Iraqi military rule in disputed areas restricts Kurdish parties' elections campaign: Party Officials

Iraqi political parties, meanwhile, are able to campaign freely ahead of the parliamentary elections in cities across the Kurdistan Region.

ERBIL (Kurdistan 24) – Iraqi military authorities have restricted Kurdish parties from promoting their elections campaigns in the disputed areas outside of the Kurdistan Regional Government’s (KRG) administration, Kurdish officials said on Sunday.

Mala Bakhtiar, the executive secretary of the Patriotic Union of Kurdistan (PUK) Politburo, told Kurdistan 24 that the military rule imposed by Iraqi authorities in the disputed territories had affected his party’s elections campaign.

According to the PUK official, imposing a military rule is unconstitutional. “PUK candidates are not able to visit different locations freely to campaign for the elections,” he said.

“Although the Kurdish political parties are officially recognized, there are restraints on their activities during the elections campaign by the Iraqi security forces in the disputed areas. Their rights have been violated,” Bakhtiar noted.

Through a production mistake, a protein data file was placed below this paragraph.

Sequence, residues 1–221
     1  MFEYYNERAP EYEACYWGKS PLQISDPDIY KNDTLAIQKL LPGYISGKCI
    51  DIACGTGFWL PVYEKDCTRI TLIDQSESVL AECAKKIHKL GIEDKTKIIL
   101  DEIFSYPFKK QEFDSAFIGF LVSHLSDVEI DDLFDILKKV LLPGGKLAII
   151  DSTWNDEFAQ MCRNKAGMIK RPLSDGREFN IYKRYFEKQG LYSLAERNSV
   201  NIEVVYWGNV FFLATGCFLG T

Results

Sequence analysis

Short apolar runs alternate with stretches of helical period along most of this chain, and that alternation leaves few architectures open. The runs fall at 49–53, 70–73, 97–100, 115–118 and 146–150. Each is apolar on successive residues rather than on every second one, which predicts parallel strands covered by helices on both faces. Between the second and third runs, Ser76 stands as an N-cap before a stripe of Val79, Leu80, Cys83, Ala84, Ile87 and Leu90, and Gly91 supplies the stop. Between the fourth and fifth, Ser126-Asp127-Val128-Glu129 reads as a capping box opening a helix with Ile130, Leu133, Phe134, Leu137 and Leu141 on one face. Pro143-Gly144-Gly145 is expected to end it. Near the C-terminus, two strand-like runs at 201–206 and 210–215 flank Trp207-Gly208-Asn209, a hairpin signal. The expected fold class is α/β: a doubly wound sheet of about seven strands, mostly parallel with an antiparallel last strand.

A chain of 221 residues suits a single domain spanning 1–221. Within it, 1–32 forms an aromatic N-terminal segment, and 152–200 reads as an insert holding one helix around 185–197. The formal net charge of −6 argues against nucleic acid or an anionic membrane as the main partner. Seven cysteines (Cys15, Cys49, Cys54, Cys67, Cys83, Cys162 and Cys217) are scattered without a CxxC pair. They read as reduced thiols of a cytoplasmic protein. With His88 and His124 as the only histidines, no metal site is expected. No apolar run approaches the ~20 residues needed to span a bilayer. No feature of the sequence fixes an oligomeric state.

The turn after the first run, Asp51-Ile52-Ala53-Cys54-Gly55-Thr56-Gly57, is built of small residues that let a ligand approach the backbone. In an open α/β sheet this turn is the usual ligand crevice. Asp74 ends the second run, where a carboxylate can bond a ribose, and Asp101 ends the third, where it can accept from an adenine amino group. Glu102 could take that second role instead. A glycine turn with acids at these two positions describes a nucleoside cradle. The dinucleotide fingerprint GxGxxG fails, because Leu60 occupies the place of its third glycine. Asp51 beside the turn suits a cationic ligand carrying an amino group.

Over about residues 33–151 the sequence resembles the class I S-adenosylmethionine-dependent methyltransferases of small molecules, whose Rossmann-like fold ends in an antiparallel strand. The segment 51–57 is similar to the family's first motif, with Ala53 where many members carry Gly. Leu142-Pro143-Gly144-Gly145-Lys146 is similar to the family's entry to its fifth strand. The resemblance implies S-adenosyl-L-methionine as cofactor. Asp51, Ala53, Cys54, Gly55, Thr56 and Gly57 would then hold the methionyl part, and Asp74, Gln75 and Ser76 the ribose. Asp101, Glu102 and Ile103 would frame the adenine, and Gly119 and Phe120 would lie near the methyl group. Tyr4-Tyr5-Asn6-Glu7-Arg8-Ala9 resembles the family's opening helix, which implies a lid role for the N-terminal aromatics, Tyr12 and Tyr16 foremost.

Asked if the restraints would affect the PUK votes in the areas outside of the KRG’s administration, Bakhtiar stated, “When the candidates cannot freely campaign for themselves, it will definitely affect our votes.”

Iraqi political parties, meanwhile, can campaign for the parliamentary elections freely in cities across the Kurdistan Region, he noted.

Sharqi Mohammed, a candidate for the Kurdistan Democratic Party (KDP) in Nineveh Province, told Kurdistan 24 that Kurdish candidates and their supporters are afraid to campaign in public due to threats by the Iran-backed Hashd al-Shaabi militias.

“Our slogans and billboards are removed by Hashd al-Shaabi fighters in Mosul and Nineveh Plains because they have the authority there,” Mohammed stated.

Rebwar Taha, a PUK candidate in Kirkuk, said the military rule which had been imposed on Kirkuk created campaigning obstacles for his party. He called for a joint Peshmerga and Iraqi forces military presence.

Taha, who is currently a parliament member in Baghdad, warned that if the violations against the Kurds continued, they would take a strong stand.

Last week, Iraqi Prime Minister Haider al-Abadi arrived in the Kurdistan Region and launched his electoral bloc’s elections campaign in Sulaimani and Erbil provinces.

“The time of racial discrimination among the citizens of Iraq against the Kurds and others is over,” Abadi claimed, shortly after arriving in Sulaimani.

Editing by Karzan Sulaivany